There I was, staring at a version of my book—perfectly content with it—with a deadline I might actually hit for once and this fool-hearty belief that I might actually be on top of my shit.
And then my son was born.
Funny enough, as seismic as that event was, life seemed to hand-select this window of time to throw a dozen or so more curve balls at me as if I wasn’t all of a sudden juggling the biggest challenge of my life.
And because my almost-adorable protagonist has a self-destructive streak matched only by my own, halfway into my own first reread, I decided I wanted to completely rewrite the second and third acts of the book. The simple reason is that something about my son being born changed my perception, and for once, that’s the truth of it; I realized when my son was born that I wanted to try and push outside my usual approach and look for a new way to look at the story. The thought of legacy, of the cyclical nature of life—or so says Sir Elton John—and feeling myself in such a pivotal transitional point—made me want to try writing something that directly reflected that.
I know that’s why this was one of the first times I wanted to really try showing the growth, the change, in Janzen, instead of just discussing something reactionary or plunging into something purely action-based. I thought it would be cool to really focus on some of those flaws I so cheekily bring up as often as I can in a light that shows the effort Janzen makes to overcome them, to identify more humanly with struggles I think all of us can relate to when thinking about our own shit. At least that rings true for me, and I think even writing Janzen forgiving himself for some of his misdeeds was cathartic—I certainly hope, as he navigates some of those complex emotions with his simple process, that the readers can take a deeper meaning out of this story than perhaps the first two.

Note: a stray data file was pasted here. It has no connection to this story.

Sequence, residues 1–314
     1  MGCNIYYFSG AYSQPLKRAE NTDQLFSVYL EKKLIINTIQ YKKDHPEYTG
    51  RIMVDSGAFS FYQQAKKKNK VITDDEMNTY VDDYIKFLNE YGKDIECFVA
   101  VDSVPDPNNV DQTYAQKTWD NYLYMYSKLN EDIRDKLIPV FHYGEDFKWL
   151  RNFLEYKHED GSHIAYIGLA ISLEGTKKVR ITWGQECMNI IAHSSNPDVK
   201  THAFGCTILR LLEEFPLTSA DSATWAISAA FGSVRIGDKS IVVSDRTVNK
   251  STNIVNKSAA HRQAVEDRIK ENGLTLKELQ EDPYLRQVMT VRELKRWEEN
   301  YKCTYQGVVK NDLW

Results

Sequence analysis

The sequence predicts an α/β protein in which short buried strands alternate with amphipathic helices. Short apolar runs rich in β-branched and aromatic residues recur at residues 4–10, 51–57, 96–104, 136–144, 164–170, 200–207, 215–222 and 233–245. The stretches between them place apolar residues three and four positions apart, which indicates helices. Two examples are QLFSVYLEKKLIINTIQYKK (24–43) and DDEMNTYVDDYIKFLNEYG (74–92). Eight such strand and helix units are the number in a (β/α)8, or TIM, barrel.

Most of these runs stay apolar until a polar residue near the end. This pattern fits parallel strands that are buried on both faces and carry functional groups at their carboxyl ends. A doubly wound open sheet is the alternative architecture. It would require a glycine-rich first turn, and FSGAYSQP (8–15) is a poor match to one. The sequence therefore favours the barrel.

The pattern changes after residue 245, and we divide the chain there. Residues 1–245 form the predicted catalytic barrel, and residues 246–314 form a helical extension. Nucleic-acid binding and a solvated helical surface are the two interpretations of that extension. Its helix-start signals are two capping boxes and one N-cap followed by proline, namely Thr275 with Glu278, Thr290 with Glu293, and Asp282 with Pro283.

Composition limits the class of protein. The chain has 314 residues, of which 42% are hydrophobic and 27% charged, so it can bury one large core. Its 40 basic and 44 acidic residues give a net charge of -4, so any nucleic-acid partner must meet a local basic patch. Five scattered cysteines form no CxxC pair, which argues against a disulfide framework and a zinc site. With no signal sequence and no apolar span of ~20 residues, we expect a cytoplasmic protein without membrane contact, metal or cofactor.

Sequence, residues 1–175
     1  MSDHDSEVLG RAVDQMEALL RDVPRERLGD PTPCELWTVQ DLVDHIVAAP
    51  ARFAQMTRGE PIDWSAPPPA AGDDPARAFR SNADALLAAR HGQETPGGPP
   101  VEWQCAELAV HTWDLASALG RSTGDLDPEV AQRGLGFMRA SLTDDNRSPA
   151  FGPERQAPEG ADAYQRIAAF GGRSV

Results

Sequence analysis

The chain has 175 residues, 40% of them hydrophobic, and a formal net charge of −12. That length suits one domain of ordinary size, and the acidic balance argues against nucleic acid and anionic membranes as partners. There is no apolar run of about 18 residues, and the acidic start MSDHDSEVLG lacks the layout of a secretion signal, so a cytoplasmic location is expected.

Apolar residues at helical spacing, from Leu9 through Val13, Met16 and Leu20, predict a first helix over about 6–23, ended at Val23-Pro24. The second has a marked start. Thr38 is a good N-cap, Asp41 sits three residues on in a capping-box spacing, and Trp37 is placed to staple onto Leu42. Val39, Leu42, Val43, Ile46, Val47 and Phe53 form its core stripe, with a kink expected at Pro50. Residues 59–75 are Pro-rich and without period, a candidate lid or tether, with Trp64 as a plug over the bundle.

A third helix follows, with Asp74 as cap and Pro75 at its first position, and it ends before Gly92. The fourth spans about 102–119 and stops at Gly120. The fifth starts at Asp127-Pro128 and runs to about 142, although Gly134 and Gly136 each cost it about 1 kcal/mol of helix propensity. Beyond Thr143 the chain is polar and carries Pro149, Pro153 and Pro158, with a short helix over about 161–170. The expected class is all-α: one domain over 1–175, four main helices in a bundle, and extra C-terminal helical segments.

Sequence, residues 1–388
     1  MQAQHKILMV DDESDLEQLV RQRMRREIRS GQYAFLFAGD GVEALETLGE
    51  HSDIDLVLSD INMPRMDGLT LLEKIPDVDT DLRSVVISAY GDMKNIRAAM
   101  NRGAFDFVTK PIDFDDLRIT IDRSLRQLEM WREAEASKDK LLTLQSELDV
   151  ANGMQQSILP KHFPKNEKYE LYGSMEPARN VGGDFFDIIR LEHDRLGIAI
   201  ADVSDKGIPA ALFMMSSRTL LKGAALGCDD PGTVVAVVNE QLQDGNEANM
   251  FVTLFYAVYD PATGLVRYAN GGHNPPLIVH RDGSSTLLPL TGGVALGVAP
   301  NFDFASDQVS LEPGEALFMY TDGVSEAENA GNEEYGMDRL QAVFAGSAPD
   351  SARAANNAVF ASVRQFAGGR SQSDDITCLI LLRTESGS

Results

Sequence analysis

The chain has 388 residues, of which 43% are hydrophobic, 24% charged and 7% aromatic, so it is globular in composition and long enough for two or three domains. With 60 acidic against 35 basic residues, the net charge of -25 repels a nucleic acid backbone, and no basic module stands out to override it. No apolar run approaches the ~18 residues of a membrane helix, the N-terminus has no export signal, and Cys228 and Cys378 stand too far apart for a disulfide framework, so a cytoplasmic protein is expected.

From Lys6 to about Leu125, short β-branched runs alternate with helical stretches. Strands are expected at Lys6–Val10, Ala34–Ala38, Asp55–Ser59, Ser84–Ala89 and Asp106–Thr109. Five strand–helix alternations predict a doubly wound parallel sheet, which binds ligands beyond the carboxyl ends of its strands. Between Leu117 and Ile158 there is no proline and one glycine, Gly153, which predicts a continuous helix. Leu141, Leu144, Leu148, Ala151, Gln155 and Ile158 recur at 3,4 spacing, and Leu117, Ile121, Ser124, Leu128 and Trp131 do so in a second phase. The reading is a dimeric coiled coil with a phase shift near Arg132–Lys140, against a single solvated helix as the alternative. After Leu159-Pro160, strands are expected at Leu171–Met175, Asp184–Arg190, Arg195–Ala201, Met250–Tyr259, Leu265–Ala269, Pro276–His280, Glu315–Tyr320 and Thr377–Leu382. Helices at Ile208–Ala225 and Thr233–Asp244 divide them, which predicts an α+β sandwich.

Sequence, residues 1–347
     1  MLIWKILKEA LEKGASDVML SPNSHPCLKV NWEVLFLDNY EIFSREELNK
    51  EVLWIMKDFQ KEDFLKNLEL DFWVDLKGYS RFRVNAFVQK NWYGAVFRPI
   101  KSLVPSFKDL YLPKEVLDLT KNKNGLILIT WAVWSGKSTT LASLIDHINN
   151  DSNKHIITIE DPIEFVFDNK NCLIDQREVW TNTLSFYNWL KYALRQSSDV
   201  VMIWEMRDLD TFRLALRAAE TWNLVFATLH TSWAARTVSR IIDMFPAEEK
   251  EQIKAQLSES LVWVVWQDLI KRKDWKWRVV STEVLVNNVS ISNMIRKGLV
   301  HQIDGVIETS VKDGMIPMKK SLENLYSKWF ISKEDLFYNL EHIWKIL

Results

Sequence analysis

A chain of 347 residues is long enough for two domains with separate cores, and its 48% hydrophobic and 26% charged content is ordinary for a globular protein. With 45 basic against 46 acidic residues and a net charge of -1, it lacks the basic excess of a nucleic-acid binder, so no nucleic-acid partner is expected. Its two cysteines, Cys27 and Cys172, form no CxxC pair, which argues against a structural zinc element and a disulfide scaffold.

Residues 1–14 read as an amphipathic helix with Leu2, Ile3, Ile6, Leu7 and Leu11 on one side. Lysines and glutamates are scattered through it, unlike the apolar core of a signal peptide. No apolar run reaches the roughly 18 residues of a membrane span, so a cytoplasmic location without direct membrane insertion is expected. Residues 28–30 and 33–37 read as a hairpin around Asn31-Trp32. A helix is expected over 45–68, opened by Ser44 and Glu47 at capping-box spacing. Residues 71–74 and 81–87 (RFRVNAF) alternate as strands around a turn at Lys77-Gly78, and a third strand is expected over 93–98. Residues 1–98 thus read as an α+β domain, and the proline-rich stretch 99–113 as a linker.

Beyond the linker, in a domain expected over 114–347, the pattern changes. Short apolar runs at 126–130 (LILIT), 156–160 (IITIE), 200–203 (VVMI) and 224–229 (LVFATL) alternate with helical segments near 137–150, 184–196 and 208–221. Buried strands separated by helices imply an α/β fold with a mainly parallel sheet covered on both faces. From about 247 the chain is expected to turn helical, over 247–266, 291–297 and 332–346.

I was glad to write about tragedy, the consequence of trauma, but I can’t tell you how enriching it was to find traction in healing. To have characters demonstrate some newfound strengths, understandings, and even confidence. So, as much as it was complete mayhem to take such a severe pivot, I knew the bones of that lived in everything I wrote—I also knew that when the story was ready to speak to me that it would flow super freely.
I’m lucky it happened the way it did, and I’m even more fortunate to have such a badass team to help me get the book into fighting shape. I had a dear friend who used to tell me two simple words whenever I asked for advice: Always Forward.
It was nice to capture that in a story and hopefully pass that lesson on to my son.
~Larry Davis, new father and author of the Monsters and Men Trilogy